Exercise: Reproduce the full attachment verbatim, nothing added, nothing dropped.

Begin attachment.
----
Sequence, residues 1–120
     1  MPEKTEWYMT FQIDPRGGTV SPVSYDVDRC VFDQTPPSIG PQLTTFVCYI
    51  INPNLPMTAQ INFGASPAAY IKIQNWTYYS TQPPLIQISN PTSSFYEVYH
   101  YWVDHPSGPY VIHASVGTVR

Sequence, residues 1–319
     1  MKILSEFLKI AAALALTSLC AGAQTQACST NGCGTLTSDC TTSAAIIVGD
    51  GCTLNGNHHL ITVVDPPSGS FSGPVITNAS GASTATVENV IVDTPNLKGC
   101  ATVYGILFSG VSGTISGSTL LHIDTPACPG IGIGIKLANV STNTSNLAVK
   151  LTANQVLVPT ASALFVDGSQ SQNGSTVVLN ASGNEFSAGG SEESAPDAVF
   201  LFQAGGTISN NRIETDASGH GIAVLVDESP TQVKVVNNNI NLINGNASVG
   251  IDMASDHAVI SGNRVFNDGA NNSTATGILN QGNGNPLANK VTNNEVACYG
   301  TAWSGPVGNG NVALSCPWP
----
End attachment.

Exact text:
Sequence, residues 1–120
     1  MPEKTEWYMT FQIDPRGGTV SPVSYDVDRC VFDQTPPSIG PQLTTFVCYI
    51  INPNLPMTAQ INFGASPAAY IKIQNWTYYS TQPPLIQISN PTSSFYEVYH
   101  YWVDHPSGPY VIHASVGTVR

Sequence, residues 1–319
     1  MKILSEFLKI AAALALTSLC AGAQTQACST NGCGTLTSDC TTSAAIIVGD
    51  GCTLNGNHHL ITVVDPPSGS FSGPVITNAS GASTATVENV IVDTPNLKGC
   101  ATVYGILFSG VSGTISGSTL LHIDTPACPG IGIGIKLANV STNTSNLAVK
   151  LTANQVLVPT ASALFVDGSQ SQNGSTVVLN ASGNEFSAGG SEESAPDAVF
   201  LFQAGGTISN NRIETDASGH GIAVLVDESP TQVKVVNNNI NLINGNASVG
   251  IDMASDHAVI SGNRVFNDGA NNSTATGILN QGNGNPLANK VTNNEVACYG
   301  TAWSGPVGNG NVALSCPWP